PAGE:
The Pico Balloon concept is simple: you build a transmitter small enough to be carried around by one or two common party balloons. As the transmitter floats around the globe it transmits its current position and altitude so you can follow its path in realtime. If you do it right, the balloon will circumnavigate the globe… repeatedly. Great stuff! I had to do it.
After realizing that it was relatively easy to construct a WSPR beacon based on Arduino and a clock generator, a few months back I decided to try building one.
The first attempt was on a breadboard with an Arduino Pro Mini, a uBlox breakout board and the Etherkit s5351a breakout board. After writing a few hacky lines of code (WSPR librhttps://github.com/etherkit/Si5351Arduinoaries are already available) WSPR worked! All I needed was making everything small enough to be carried by a party balloon.
I decided I was not going to use the standard Arduino Pro Mini. Rather, I was going to load the Arduino boot loader on a ATM328P myself and have everything else (GPS + Clock Generator) on a the same board.
This unit also worked and, technically, was already small enough to be carried around by a couple of large balloons.
But how was I going to power it? Was a small LiPo battery suitable? After checking the specs I realized that even the smallest ones were too heavy. On top of that, batteries don’t take extremely low temperatures well so it definitely had to be solar power.
In the next revision, which I called 1.1, is where I faced the first serious obstacle. Until that point I was able to successfully load the Arduino boot loader without too much trouble using an ancient Arduino Uno as the ISP programmer. For reasons I still can’t understand, that wasn’t the case anymore with revision 1.1. Fortunately, when I was close to giving up, I remembered that back in the days I had purchased a proper ISP board and tried with that: Bingo! Problem solved.
As you can see, on version 1.1 all necessary programming connections have been moved to a section of the PCB which is supposed to be cut out before launch (the wires soldered on the side were part of my desperate attempts to troubleshoot the ISP malfunction…).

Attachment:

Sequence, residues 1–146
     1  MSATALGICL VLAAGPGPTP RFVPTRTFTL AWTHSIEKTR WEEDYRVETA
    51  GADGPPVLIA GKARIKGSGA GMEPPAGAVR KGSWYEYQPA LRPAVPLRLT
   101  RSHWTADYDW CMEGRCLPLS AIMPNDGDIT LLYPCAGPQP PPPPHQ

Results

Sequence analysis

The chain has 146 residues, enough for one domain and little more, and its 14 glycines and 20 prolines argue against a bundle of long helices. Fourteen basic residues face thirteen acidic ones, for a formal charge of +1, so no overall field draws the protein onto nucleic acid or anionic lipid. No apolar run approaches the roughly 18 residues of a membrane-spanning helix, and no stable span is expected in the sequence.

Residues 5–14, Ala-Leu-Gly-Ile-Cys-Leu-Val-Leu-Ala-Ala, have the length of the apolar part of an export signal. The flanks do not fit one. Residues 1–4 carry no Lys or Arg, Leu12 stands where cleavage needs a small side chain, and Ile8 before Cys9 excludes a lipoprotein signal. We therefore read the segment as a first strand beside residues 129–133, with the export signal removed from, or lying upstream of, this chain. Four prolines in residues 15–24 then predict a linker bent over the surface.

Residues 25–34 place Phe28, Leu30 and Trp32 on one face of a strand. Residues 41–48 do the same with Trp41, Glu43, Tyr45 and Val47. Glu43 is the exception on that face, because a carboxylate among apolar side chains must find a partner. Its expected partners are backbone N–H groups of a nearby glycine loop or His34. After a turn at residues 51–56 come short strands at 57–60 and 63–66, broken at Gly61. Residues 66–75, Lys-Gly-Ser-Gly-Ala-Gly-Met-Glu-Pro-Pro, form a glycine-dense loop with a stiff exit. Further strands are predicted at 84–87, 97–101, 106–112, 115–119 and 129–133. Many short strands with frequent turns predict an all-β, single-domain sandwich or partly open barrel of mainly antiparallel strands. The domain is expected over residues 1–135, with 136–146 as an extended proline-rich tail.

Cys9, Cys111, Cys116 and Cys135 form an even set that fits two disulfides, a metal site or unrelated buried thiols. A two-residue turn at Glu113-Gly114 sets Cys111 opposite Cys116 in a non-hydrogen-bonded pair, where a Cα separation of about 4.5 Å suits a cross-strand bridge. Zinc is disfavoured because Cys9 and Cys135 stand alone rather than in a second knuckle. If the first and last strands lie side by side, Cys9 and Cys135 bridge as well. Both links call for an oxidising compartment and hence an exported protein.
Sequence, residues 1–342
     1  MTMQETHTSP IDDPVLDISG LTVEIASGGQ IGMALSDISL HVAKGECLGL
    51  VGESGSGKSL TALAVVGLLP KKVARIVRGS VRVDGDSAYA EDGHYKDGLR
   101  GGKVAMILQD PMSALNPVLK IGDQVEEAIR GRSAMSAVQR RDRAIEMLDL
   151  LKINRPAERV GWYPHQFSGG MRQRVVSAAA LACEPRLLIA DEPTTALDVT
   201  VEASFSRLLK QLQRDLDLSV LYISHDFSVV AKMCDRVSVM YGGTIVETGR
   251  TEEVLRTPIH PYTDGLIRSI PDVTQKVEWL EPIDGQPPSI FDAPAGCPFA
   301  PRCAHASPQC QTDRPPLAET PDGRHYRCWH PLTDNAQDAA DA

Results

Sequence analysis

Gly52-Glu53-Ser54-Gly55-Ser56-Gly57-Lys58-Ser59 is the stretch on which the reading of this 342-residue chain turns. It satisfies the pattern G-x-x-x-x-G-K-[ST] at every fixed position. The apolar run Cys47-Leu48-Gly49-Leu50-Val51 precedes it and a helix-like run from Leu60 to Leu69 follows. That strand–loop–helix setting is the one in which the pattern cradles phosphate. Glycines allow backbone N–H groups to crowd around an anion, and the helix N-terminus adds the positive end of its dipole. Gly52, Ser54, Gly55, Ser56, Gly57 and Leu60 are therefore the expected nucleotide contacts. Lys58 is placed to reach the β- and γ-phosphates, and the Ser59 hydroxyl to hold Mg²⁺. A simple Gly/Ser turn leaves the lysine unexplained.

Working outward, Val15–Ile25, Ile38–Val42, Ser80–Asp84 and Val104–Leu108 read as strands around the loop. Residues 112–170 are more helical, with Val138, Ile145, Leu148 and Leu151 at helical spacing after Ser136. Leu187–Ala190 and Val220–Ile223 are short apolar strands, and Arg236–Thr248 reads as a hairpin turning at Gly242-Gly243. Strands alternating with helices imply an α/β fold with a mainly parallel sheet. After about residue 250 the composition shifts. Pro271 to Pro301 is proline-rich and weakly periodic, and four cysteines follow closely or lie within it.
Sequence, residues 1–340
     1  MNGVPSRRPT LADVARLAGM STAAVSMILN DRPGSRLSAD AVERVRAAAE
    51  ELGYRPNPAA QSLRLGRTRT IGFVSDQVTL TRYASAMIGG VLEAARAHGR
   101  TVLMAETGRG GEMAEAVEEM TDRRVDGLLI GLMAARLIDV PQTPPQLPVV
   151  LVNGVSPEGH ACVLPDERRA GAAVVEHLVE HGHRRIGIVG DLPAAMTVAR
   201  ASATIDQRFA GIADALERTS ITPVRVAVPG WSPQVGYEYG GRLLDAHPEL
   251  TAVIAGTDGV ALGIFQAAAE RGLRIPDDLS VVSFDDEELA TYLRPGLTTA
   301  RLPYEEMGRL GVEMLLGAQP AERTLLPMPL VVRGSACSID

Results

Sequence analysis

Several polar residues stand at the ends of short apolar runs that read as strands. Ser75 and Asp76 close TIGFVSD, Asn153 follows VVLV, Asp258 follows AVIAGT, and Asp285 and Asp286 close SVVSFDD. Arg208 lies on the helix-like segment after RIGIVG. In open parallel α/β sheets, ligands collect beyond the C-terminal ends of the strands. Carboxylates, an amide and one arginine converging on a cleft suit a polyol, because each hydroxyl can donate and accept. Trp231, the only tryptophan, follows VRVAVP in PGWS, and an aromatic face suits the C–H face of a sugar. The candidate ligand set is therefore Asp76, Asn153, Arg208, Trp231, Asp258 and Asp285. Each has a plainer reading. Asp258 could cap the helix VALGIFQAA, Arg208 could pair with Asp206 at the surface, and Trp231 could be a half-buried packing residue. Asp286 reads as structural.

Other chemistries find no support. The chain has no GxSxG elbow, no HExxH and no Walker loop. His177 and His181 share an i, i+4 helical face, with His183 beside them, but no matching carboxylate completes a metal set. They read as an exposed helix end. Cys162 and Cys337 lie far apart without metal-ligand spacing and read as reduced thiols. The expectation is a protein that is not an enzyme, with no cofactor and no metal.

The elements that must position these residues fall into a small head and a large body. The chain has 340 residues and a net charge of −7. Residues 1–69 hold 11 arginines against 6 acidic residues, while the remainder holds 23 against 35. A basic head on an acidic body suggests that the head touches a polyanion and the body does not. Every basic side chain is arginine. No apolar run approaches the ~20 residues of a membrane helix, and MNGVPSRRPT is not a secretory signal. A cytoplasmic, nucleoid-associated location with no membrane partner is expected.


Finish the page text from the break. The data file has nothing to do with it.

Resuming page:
At this point I had a transmitter that – together with the solar panels – weighted less than 10 grams! I really believed it was just about time to buy the balloons when I faced the second problem: I had grossly overestimated how much power solar cells can deliver. Yes, tensions can be pretty high but currents… well, currents are tiny: there is absolutely no way the beacon can be carried around by small balloons while being directly powered from solar panels as I originally envisioned. I needed something light that charged a capacitor and then – only then – I could start transmitting.
By searching things like “Tiny Solar Power Charger” I ended up on Jared’s (N7SMI) page. I was stunned: his pico balloon concept and hardware was identical to mine except that he completed it years in advance and, unlike mine, his actually worked and flew already many times.
Jared had already solved the power issue with a 1.5F super capacitor charged by an SPV1040 controller and two 0.5V solar cells. Brilliant!
Not only that. In order to save power, he provisioned his transmitter to selectively switch off the GPS and/or the clock generator. He also has a temperature sensor and – surprise surprise – a CW beacon too!
Clearly, I now have enough material for version 1.2.
On part two I will publish my current schematics, PCBs and source code.